Another possible limitation of our study, other than the lack of a validation set, could be the relatively short follow-up time. However, currently available evidence and approval of ICIs in the first-line treatment of NSCLC are based on a median follow-up time from the 12 available studies of 13.0 months, ranging from 7.7 to 25.2. Particularly, the 4 studies with pembrolizumab in the first-line setting had median follow-up of 11.7 months, ranging from 7.7 to 25.2 (1,3).

As above mentioned, since the present study did not compare immunotherapy to chemotherapy plus ICI, we cannot support the predictive value of PD-L1 >80%, or of low NLR <5, but we can suggest their prognostic value, alongside with that of nLDH.

In conclusion, we suggest that low NLR <5, when combined with high PD-L1 >80% or nLDH <269 represents an easily assessable and affordable tool to explore the outcomes of aNSCLC patients with high PD-L1 likely to benefit from pembrolizumab monotherapy. This tool could have a role in therapeutic decision-making alongside other clinical factors. Its validation in retrospective and prospective randomised trials is warranted.


Acknowledgments

Funding: None.


Footnote

Reporting Checklist: The authors have completed the REMARK Reporting Checklist. Available at http://dx.doi.org/10.21037/tlcr-19-583

Conflicts of Interest: All authors have completed the ICMJE uniform disclosure form (available at http://dx.doi.org/10.21037/tlcr-19-583). MB reports personal fees from Janssen-Cilag, Boehringer Ingelheim, Roche, non-financial support from Bristol-Myers Squibb, AstraZeneca/MedImmune, Pierre Fabre, Ipsen, outside the submitted work. DS reports personal fees and non-financial support from Astra Zeneca, Bristol Myers Squibb, personal fees from Lilly, non-financial support from Merck Sharp & Dohme, Roche outside the submitted work. Dr. Metro reports personal fees from Boehringher-Ingelheim outside the submitted work and serves as an unpaid editorial board member of Translational Lung Cancer Research from Jul 2019 to Jul 2021. ADT reports other from MSD outside the submitted work. AF reports personal fees from Roche, Pfizer, Astellas and Bristol-Myers Squibb outside the submitted work. MCG reports personal fees and other from Eli Lilly, personal fees from Boehringer Ingelheim, Otsuka Pharma, grants, personal fees and other from Astra Zeneca, Novartis, BMS, Roche, Pfizer, Celgene, personal fees from Incyte, Inivata, Takeda, grants and other from Tiziana Sciences, Clovis, Merck Serono, grants and personal fees from Bayer, grants, personal fees and other from MSD, grants and other from GlaxoSmithKline S.p.A., personal fees from Sanofi-Aventis, grants and other from Spectrum Pharmaceutcials, Blueprint Medicine, personal fees from Seattle Genetics, Daiichi Sankyo outside the submitted work. AA reports personal fees from BMS, Astrazeneca, Roche, Pfizer, MSD, Boehringer outside the submitted work. The other authors have no conflicts of interest to declare.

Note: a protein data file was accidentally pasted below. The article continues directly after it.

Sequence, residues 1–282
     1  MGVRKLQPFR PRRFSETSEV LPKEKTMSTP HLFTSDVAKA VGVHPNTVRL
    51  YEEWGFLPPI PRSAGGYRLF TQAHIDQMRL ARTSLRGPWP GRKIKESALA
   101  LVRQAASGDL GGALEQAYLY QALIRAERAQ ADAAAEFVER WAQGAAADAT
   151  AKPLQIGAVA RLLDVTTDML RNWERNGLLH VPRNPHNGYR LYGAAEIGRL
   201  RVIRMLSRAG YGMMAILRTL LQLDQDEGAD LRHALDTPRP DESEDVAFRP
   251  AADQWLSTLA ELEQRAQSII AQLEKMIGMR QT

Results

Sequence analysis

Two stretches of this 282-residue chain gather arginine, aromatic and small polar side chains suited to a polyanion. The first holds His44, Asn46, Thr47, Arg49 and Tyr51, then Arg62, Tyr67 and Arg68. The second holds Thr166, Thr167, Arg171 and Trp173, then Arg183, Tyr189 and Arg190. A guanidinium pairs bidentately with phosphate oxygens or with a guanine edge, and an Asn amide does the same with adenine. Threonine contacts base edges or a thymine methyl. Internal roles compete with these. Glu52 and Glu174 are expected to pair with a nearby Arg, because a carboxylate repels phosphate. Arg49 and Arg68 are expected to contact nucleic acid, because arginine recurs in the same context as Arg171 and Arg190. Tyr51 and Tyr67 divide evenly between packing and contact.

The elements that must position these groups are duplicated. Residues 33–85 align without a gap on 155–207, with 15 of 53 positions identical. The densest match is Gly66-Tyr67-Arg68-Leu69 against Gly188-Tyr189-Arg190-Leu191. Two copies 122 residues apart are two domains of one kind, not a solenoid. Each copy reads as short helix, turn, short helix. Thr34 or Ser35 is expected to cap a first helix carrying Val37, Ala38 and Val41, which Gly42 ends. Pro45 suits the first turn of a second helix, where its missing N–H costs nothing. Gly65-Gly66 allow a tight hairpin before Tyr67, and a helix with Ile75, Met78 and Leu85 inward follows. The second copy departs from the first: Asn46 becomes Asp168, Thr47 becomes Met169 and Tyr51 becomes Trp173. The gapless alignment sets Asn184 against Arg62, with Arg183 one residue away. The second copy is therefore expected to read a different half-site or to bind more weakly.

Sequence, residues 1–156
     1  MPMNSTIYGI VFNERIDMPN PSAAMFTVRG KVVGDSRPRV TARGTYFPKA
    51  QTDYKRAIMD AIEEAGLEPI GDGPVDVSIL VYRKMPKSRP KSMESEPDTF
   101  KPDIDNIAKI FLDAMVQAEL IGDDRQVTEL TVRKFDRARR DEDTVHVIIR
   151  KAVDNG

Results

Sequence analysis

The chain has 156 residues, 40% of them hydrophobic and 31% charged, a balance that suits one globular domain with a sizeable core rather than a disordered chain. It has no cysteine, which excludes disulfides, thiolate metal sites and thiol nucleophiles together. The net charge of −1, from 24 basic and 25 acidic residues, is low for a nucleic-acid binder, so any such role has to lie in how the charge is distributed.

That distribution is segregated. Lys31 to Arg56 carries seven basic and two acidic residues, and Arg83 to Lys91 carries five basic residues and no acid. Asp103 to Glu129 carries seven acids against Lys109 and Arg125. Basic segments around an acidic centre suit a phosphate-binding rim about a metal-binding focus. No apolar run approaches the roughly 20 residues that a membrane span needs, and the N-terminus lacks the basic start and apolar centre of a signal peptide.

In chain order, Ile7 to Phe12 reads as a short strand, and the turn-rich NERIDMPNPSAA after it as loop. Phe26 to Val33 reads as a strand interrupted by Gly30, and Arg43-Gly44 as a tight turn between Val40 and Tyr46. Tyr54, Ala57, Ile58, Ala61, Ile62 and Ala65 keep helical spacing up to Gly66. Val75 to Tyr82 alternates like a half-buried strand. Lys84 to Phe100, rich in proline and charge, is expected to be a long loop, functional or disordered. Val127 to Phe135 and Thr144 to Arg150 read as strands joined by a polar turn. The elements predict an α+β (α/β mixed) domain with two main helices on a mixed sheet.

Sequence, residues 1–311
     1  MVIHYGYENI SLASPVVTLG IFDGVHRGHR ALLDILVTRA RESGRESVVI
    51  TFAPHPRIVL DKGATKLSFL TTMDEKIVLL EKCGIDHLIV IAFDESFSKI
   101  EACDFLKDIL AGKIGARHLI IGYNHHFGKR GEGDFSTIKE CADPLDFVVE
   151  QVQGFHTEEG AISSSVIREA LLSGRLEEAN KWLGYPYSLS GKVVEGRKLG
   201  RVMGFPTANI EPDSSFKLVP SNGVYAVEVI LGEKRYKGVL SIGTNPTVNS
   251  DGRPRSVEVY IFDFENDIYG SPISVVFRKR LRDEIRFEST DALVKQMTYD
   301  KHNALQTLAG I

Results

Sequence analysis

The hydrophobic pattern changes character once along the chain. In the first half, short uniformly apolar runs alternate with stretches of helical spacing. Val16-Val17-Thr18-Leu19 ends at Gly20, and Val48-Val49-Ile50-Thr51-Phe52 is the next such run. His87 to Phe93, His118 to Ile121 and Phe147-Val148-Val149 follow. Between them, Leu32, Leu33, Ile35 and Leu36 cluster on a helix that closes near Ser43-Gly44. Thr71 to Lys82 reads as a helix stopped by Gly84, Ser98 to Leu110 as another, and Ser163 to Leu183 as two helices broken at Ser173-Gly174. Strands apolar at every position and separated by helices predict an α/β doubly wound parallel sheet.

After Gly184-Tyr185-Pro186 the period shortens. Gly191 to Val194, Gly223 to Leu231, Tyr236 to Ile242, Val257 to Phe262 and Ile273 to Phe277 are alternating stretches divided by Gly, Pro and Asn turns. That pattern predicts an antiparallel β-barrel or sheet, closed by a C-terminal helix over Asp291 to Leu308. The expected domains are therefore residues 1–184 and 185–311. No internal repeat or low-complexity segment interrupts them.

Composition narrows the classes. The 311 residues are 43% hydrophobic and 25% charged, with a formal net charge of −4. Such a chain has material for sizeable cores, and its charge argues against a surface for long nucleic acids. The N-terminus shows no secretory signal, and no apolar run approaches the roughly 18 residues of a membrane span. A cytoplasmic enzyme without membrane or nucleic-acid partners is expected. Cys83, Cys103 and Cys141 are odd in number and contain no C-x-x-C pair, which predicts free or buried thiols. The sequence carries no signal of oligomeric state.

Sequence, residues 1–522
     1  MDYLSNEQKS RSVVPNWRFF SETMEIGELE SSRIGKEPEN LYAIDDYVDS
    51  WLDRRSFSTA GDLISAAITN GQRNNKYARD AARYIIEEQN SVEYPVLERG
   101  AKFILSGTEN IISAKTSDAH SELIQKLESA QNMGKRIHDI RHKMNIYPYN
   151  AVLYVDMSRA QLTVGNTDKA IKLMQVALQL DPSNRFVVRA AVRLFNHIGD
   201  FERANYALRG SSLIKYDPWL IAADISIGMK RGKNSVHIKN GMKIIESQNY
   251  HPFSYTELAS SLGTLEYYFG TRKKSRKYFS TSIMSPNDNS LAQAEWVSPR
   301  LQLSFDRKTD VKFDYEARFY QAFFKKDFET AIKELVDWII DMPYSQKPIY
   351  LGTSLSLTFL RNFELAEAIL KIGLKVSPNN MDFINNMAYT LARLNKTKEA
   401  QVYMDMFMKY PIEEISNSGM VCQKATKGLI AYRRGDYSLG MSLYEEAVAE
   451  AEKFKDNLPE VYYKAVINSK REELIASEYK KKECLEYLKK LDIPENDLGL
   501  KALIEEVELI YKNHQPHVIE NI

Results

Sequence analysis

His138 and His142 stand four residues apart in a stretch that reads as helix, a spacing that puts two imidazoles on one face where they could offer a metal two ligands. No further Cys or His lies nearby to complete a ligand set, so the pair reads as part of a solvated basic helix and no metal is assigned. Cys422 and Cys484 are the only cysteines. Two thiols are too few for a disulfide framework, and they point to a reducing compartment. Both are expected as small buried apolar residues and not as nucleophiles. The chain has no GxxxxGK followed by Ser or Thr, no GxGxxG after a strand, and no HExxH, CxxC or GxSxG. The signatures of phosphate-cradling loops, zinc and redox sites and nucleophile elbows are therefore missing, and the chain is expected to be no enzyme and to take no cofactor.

Ethical Statement: The authors are accountable for all aspects of the work in ensuring that questions related to the accuracy or integrity of any part of the work are appropriately investigated and resolved. The analysis followed the principles outlined in the Declaration of Helsinki (as revised in 2013) for all human or animal experimental investigations. The analysis involved a real-world series of patients treated according to the clinical practice; ethical approval was waived because all patients in each Center signed a specific consent form for their data collection and sharing with other Institutions.

Open Access Statement: This is an Open Access article distributed in accordance with the Creative Commons Attribution-NonCommercial-NoDerivs 4.0 International License (CC BY-NC-ND 4.0), which permits the non-commercial replication and distribution of the article with the strict proviso that no changes or edits are made and the original work is properly cited (including links to both the formal publication through the relevant DOI and the license). See: https://creativecommons.org/licenses/by-nc-nd/4.0/.


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Cite this article as: Banna GL, Signorelli D, Metro G, Galetta D, De Toma A, Cantale O, Banini M, Friedlaender A, Pizzutillo P, Garassino MC, Addeo A. Neutrophil-to-lymphocyte ratio in combination with PD-L1 or lactate dehydrogenase as biomarkers for high PD-L1 non-small cell lung cancer treated with first-line pembrolizumab. Transl Lung Cancer Res 2020;9(4):1533-1542. doi: 10.21037/tlcr-19-583